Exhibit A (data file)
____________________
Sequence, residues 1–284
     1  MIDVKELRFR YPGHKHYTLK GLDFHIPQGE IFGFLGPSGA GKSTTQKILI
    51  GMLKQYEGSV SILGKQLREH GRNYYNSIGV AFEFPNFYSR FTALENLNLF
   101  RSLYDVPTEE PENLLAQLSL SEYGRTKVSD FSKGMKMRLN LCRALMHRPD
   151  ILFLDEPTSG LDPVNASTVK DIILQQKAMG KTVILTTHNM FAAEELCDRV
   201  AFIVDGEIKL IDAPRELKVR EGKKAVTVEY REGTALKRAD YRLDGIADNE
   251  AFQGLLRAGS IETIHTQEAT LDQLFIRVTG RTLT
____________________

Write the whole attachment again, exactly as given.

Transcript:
Sequence, residues 1–284
     1  MIDVKELRFR YPGHKHYTLK GLDFHIPQGE IFGFLGPSGA GKSTTQKILI
    51  GMLKQYEGSV SILGKQLREH GRNYYNSIGV AFEFPNFYSR FTALENLNLF
   101  RSLYDVPTEE PENLLAQLSL SEYGRTKVSD FSKGMKMRLN LCRALMHRPD
   151  ILFLDEPTSG LDPVNASTVK DIILQQKAMG KTVILTTHNM FAAEELCDRV
   201  AFIVDGEIKL IDAPRELKVR EGKKAVTVEY REGTALKRAD YRLDGIADNE
   251  AFQGLLRAGS IETIHTQEAT LDQLFIRVTG RTLT